Testing kits to catch motorists high on drugs could be available to police within the year.
The Government has announced that ‘drugalysers’ able to screen for a range of substances including cocaine and ecstasy will be installed at every police station by 2012.
The move means officers will no longer have to wait for permission from a doctor before a blood test could be taken to be used as evidence.
Research has suggested 10% of drivers between 18 and 29 admit to getting behind the wheel after taking illegal drugs.
Professor Stephen Glaister, director of the RAC Foundation, said:
“At last the technology has caught up with the political will and the public mood. The trialling of this equipment shows ministers are serious about tackling the drug-driving problem. Its use will speed up the detection process freeing officers to do other tasks.”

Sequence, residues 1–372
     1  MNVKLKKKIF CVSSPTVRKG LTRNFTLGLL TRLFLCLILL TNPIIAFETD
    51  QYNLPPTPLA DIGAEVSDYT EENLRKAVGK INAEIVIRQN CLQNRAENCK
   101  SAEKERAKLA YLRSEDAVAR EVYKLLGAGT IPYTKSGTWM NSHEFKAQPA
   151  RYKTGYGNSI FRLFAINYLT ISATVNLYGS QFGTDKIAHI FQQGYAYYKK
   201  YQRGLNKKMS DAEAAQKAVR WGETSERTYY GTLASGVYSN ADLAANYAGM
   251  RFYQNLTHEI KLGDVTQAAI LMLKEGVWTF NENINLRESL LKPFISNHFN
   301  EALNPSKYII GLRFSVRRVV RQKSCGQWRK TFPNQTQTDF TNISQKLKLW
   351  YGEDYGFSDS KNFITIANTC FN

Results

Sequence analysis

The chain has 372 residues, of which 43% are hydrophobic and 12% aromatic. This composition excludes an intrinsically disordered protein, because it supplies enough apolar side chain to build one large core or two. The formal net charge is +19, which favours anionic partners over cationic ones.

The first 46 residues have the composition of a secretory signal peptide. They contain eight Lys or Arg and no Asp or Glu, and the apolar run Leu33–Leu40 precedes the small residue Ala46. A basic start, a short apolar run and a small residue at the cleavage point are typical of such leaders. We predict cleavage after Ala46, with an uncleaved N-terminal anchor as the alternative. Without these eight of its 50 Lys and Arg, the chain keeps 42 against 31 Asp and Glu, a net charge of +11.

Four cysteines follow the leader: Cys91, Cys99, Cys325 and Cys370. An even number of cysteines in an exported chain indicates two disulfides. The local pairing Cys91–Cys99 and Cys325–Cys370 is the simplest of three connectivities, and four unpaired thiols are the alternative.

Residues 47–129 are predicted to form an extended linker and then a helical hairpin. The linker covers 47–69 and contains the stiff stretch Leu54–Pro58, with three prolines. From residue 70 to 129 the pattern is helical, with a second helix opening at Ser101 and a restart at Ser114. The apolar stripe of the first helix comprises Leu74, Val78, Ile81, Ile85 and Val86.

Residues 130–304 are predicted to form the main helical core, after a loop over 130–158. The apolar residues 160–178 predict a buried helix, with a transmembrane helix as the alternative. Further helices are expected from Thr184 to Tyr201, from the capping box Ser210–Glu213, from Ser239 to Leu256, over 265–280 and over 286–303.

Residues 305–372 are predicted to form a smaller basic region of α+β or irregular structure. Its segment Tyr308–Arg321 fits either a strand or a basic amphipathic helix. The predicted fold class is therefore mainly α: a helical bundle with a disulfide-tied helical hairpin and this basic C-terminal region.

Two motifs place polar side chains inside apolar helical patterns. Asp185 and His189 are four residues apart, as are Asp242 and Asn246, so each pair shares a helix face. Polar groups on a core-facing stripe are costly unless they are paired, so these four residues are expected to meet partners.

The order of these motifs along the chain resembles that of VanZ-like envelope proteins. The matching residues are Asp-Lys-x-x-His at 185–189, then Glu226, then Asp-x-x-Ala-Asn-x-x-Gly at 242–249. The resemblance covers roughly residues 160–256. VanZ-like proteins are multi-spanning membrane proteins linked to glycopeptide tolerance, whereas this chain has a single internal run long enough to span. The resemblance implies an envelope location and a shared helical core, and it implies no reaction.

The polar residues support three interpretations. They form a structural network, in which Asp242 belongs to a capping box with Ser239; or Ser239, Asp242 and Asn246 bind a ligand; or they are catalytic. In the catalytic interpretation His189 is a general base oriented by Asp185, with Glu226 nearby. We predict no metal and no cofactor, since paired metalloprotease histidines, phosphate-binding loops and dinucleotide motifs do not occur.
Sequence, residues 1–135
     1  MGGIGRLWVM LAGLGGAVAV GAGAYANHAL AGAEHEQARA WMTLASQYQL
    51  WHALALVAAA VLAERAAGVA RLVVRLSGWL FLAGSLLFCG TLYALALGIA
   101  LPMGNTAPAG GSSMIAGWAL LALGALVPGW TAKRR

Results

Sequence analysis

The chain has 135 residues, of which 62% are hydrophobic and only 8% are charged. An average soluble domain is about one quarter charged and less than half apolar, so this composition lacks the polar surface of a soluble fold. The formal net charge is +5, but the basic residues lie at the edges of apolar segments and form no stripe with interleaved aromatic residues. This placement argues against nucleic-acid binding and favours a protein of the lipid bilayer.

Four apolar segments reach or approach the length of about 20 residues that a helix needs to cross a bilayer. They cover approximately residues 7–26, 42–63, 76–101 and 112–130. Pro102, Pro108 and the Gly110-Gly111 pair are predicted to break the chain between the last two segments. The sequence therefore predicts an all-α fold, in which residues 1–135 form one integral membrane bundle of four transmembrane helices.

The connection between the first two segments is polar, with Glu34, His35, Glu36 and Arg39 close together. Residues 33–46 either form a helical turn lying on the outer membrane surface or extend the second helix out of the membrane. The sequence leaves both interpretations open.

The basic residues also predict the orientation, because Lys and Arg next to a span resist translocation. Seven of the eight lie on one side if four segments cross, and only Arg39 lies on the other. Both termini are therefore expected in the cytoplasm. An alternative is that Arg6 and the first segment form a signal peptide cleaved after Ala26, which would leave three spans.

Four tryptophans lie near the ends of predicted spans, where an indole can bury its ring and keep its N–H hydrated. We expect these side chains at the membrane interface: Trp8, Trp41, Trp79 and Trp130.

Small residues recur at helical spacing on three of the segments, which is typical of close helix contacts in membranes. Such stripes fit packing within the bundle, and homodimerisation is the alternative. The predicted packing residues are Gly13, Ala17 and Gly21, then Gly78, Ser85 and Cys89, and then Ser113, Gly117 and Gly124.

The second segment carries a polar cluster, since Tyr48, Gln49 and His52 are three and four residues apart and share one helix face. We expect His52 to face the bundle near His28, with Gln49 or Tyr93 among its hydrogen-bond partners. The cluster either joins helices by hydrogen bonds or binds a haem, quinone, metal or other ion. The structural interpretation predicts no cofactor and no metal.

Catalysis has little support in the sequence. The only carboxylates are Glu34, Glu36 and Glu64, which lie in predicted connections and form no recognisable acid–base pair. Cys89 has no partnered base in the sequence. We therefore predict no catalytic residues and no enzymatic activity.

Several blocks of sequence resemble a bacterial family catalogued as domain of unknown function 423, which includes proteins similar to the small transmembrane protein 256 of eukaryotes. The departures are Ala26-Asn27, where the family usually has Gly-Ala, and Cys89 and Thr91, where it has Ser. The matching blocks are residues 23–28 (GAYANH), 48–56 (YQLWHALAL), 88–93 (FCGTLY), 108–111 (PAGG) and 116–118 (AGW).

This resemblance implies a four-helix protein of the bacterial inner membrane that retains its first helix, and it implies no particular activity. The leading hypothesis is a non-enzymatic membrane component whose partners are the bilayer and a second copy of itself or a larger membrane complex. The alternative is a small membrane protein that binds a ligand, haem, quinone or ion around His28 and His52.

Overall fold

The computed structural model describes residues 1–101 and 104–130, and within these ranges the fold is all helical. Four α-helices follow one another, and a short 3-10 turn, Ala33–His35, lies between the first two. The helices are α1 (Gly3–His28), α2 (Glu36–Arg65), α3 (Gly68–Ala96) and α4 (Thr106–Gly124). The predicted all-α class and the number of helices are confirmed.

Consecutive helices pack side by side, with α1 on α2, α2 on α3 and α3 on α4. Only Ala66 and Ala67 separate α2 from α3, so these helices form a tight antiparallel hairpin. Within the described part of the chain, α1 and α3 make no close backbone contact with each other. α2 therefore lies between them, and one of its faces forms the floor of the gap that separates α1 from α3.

The news comes a day after provisional figures showed the number of deaths in drink-drive related accidents fell to an all time low, falling from 400 in 2008 to 380 in 2009.
Figures also showed that in the first quarter of 2010, 420 people died in road accidents, 24% fewer than in the same period in the previous year.